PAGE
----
The Church Around the World

The Church Around the World

Cardinal Pell: strong leadership needed

In his homily at the Episcopal Ordination for Bishop Peter Comensoli as a new auxiliary bishop for Sydney on 8 June, Cardinal George Pell said that if bishops dodge confrontation, we should not be too surprised when others "go missing", too. He said bishops needed to be courageous "because Christian truths do not always win majority approval".

"But every stand for truth, justice and charity, for life and for goodness, will strengthen your brothers and sisters in faith, and often in the wider society, and inspire them to stand firm and make sacrifices, too."

Bishop Comensoli, who is from the diocese of Wollongong, and formerly its Chancellor, is at 47 the youngest bishop in Australia.

Cardinal Pell said of Bishop Comensoli that "through the wisdom of a succession of bishops and through your own hard work you are unusually well qualified academically, as well as pastorally, to provide leadership in the struggle between good and evil, between the light of faith and the gathering darkness ...

"Your task will be to teach and explain that Jesus is the Son of God as well as Son of Mary, possessing a divine as well as a human nature, which enables him to redeem us. No mere man could do this.

"Surveys show that even some priests, and certainly more people, Catholics, too, are unsure about the bodily resurrection of Jesus and even of the Virgin birth, of Christ's divine fatherhood.

"This must mean that their faith in the divinity of Christ is under extreme pressure and this means that their faith in the redemption too is pressured."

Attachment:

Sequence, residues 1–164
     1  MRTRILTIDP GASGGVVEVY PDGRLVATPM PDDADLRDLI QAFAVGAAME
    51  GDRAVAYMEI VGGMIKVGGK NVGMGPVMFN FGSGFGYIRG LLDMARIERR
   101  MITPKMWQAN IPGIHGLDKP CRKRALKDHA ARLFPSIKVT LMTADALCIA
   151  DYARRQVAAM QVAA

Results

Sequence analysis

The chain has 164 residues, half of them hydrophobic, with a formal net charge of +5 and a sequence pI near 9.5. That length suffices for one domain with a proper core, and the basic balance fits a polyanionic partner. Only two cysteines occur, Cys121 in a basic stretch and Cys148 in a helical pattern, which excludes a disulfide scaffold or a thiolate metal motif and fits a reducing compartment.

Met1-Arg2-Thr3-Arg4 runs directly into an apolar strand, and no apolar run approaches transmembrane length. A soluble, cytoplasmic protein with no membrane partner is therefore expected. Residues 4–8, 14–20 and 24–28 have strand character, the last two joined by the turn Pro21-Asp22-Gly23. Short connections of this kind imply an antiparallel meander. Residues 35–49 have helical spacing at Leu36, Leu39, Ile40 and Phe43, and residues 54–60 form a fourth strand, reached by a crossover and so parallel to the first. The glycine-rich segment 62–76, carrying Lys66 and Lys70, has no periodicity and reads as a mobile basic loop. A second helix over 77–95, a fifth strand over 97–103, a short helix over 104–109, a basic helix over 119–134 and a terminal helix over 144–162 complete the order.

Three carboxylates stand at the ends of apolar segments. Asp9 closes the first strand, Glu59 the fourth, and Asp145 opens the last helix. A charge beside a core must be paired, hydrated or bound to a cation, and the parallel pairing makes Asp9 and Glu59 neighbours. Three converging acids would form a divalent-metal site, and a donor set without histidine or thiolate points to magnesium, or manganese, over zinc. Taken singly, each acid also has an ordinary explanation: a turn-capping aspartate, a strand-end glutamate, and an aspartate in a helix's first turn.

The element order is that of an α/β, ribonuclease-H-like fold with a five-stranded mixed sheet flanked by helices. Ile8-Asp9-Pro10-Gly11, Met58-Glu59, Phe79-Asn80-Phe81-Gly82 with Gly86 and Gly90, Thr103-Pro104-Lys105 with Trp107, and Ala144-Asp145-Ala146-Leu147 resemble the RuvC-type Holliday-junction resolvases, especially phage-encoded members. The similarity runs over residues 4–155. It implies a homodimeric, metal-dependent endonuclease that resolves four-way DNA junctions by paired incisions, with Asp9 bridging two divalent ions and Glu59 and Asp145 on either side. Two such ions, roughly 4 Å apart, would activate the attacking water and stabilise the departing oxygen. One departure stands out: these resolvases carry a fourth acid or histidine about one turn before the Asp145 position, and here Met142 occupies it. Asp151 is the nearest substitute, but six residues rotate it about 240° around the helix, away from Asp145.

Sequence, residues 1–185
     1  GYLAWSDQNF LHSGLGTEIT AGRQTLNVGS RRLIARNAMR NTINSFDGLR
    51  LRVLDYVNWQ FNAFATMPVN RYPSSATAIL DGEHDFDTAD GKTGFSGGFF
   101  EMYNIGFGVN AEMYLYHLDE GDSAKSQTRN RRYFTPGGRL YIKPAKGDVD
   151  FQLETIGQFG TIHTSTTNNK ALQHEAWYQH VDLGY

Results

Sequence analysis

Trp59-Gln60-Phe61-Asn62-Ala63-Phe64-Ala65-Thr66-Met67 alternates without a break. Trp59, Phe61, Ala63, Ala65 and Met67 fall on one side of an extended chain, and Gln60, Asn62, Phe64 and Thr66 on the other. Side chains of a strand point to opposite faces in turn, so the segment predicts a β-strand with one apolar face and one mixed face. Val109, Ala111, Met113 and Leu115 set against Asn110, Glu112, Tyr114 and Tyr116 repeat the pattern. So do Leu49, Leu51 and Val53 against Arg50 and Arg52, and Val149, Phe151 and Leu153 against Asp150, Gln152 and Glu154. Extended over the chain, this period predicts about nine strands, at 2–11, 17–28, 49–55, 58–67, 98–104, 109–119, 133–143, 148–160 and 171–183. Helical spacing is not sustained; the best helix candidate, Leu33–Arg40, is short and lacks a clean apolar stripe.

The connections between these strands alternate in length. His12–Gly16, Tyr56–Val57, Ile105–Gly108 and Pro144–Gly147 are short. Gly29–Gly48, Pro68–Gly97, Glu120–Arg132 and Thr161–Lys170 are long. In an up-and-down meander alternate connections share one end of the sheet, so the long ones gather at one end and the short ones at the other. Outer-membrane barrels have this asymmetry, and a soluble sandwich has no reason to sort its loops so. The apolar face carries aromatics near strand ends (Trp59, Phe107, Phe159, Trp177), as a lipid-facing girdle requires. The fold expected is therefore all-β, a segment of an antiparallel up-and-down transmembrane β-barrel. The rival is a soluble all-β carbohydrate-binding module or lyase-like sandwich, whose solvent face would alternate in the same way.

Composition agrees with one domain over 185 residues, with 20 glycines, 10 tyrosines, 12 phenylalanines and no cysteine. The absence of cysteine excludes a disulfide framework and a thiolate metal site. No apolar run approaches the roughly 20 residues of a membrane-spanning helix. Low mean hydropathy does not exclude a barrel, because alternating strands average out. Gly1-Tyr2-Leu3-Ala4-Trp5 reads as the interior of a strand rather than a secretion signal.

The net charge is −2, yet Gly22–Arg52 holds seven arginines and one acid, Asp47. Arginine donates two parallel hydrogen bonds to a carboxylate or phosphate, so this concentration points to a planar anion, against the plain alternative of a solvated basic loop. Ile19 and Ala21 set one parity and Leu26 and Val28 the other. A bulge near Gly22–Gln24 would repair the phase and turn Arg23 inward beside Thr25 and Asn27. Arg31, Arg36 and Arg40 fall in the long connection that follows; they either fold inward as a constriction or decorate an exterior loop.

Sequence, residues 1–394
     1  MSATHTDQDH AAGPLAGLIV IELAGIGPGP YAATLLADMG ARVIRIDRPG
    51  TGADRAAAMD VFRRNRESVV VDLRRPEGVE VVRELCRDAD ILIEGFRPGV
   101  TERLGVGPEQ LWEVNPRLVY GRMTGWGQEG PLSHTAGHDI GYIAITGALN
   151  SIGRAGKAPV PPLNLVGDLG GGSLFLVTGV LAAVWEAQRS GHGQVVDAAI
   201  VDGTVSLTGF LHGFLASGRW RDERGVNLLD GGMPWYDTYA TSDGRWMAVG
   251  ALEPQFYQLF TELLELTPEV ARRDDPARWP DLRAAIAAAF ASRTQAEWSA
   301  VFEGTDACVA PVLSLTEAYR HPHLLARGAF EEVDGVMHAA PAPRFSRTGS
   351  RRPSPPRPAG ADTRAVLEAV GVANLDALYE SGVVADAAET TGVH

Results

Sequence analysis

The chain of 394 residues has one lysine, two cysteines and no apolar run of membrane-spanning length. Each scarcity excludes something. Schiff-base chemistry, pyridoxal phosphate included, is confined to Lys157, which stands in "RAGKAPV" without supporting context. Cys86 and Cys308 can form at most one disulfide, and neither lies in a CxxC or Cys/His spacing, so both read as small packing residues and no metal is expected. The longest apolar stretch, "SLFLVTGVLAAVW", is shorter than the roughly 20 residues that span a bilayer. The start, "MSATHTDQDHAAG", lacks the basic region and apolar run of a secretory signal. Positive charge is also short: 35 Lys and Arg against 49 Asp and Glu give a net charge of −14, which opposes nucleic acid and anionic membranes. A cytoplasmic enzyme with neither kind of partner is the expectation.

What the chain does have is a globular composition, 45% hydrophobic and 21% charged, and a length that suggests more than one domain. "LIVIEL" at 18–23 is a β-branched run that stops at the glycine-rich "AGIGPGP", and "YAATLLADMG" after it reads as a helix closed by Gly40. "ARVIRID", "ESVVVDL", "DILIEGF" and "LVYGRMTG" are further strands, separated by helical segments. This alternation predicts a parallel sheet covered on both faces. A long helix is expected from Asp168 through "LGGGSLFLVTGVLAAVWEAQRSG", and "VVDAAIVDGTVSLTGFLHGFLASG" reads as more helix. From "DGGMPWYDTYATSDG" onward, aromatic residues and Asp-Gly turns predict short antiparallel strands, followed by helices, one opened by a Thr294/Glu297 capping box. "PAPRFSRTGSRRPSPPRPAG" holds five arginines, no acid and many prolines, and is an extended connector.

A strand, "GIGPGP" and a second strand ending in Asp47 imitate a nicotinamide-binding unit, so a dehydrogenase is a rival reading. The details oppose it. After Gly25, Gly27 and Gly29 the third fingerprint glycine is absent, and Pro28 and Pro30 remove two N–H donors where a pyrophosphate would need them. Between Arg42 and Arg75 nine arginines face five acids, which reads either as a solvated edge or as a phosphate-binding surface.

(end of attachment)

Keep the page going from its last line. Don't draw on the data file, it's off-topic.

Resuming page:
Cardinal Pell said he knew Bishop Comonsoli would "rise to these challenges."

Catholic Weekly (Sydney)

Catholic religious identity endangered

Archbishop Charles J. Chaput of Denver, Colorado, warned Catholic social workers against the danger of Church institutions losing their religious identity amidst increasing hostility from the government and society.

"The more that Catholic universities or hospitals mute their religious identity; the more that Catholic social ministries weaken their religious character ... the less useful to the Gospel they become," he said.

On 21 June, during an address to the Catholic Social Workers National Convention in Denver, he said that civil society consists "not just of autonomous individuals" but communities as well.

"Those communities also have rights. Catholic institutions are extensions of the Catholic community and Catholic belief. The state has no right to interfere with their legitimate work, even when it claims to act in the name of individuals unhappy with Catholic teaching."

Archbishop Chaput's remarks were made against the backdrop of Catholic Charities in several dioceses across the US shutting down adoption and foster care services after their local states enacted civil union laws.

Despite these setbacks, however, he said that Catholic ministries "have the duty to faithfully embody Catholic beliefs on marriage, the family, social justice, sexuality, abortion and other important issues. And if the state refuses to allow those Catholic ministries to be faithful in their services through legal or financial bullying, then as a matter of integrity, they should end their services.

"Catholic social ministry begins and ends with Jesus Christ. If it doesn't, it isn't Catholic. And if our social work isn't deeply, confidently and explicitly Catholic in its identity, then we should stop using the word 'Catholic.' It's that simple."

Archbishop Chaput warned that "a new kind of America" is emerging in the 21st century, one that is likely to be "much less friendly to religious faith than anything in the nation's past."


Persecution in Pakistan: Vatican call for action

Speaking on 15 June, a leading Vatican diplomat said that the UN High Commissioner for Human Rights should intervene in the case of Farah Hatim, a Christian girl in Pakistan whose family said she was kidnapped and forced to marry and convert to Islam.